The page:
The Financial Stability Board (FSB) called for new global rules for cryptocurrencies on Monday, and will submit a report to the G20 Finance Ministers and Central Bank Governors in October on regulatory and supervisory approaches to stablecoins and other crypto assets.
The body of regulators, government officials and central bankers pointed to recent market turmoil as evidence of risk to financial stability, highlighting that the failure of a market player can quickly transmit risks to other parts of the ecosystem and have spillover effects into traditional finance. The statement from the FSB made particular reference to “so-called” stablecoins, which have been on the agenda for several financial authorities since even before May's Terra crash.
The FSB is an international body based in Switzerland that coordinates on and promotes international financial stability. Its members include national authorities and central banks from 24 jurisdictions, including the US, Russia and China, and conducts outreach with approximately a further 70.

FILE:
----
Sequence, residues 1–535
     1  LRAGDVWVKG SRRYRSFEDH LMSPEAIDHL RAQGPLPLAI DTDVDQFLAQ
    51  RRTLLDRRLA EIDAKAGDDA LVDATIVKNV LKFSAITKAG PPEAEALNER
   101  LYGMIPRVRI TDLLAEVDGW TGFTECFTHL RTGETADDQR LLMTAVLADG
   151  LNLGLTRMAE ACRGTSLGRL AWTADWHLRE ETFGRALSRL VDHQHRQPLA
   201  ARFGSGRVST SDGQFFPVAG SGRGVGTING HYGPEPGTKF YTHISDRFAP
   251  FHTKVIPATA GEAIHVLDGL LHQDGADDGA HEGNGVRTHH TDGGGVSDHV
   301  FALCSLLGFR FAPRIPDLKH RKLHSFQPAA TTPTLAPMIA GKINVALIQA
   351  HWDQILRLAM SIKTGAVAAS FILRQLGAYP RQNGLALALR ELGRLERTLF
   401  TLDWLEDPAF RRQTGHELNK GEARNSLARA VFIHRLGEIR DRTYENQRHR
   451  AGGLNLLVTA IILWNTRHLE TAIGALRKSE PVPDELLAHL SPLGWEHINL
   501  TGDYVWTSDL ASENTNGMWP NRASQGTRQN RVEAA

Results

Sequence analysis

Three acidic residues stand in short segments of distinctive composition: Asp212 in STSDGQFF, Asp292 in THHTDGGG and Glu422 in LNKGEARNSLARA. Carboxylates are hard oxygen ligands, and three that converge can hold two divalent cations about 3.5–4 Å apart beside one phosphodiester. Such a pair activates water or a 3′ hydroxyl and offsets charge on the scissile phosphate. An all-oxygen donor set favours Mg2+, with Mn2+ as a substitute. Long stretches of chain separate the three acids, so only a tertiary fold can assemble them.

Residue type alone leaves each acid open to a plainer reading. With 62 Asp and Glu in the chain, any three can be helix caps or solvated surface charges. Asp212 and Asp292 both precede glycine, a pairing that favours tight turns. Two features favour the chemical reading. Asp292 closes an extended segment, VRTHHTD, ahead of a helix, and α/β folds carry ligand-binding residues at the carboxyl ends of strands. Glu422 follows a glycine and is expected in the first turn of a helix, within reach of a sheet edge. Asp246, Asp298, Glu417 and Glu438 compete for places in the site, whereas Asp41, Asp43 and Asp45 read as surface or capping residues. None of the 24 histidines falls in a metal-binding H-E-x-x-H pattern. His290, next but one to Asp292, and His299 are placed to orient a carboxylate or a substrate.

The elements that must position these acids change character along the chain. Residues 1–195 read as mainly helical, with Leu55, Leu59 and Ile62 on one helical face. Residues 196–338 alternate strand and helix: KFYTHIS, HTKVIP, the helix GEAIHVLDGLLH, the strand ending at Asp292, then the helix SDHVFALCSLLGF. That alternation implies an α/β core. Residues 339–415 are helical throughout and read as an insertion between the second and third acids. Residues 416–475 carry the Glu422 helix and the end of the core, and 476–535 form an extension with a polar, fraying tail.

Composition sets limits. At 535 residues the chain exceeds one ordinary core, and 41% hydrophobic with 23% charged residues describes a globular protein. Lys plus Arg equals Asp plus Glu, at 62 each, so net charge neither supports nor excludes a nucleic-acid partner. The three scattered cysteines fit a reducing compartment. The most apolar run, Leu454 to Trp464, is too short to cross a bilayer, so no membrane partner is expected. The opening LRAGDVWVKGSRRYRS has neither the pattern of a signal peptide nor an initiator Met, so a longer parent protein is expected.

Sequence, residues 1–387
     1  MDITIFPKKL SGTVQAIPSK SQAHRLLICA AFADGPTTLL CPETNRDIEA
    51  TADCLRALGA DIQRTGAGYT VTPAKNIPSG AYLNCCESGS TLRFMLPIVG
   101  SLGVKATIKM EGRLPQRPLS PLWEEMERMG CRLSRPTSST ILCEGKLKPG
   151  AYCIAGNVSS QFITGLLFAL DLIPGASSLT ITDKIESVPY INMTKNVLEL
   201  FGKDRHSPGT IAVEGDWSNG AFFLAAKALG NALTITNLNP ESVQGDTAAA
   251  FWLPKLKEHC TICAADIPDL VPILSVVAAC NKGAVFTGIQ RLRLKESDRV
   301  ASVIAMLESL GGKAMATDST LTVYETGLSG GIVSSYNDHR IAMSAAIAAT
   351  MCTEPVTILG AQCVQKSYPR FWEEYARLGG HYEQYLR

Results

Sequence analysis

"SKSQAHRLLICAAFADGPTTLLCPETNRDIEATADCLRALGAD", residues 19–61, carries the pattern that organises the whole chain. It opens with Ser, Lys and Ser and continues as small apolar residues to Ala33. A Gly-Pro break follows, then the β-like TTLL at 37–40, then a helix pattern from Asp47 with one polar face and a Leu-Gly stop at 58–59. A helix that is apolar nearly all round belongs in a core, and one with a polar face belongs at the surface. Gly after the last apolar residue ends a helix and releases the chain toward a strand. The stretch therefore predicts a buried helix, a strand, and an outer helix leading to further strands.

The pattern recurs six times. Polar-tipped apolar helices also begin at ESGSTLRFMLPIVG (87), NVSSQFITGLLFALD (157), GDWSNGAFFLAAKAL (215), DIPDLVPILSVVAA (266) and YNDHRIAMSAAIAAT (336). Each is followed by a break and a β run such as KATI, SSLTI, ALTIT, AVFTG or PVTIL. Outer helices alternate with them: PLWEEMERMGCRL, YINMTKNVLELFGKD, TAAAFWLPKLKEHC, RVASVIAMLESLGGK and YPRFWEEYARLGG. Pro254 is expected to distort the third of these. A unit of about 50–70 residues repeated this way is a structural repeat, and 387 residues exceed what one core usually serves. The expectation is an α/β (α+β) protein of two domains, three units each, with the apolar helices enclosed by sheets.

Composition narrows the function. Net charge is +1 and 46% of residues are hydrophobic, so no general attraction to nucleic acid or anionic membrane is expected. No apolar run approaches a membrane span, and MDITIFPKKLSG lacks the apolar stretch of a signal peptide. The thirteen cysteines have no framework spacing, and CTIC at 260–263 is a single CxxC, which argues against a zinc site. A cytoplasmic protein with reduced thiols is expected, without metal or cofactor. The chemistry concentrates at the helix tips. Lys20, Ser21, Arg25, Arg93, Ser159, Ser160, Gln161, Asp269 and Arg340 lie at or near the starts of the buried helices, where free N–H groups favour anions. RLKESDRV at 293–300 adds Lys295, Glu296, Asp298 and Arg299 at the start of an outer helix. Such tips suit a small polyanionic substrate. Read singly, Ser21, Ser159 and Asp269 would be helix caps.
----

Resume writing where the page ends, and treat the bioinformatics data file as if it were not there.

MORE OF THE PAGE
But while it's emphasizing current market issues as an impetus to act, the FSB has been looking at crypto for a while now. In February it published a report assessing risks from crypto assets, warning that they could pose to global financial stability due to their scale, structural vulnerabilities and increasing interconnectedness with the traditional financial system.
The FSB’s statement aligns with several recent comments from senior finance officials and committees. On July 5, the Bank of England’s Financial Policy Committee warned that crypto assets may one day pose a risk to the wider financial system and called for “enhanced regulation”. Last Friday, this sentiment was also echoed by US Federal Reserve vice chair Lael Brainard, who said that the sector needs "strong guardrails."
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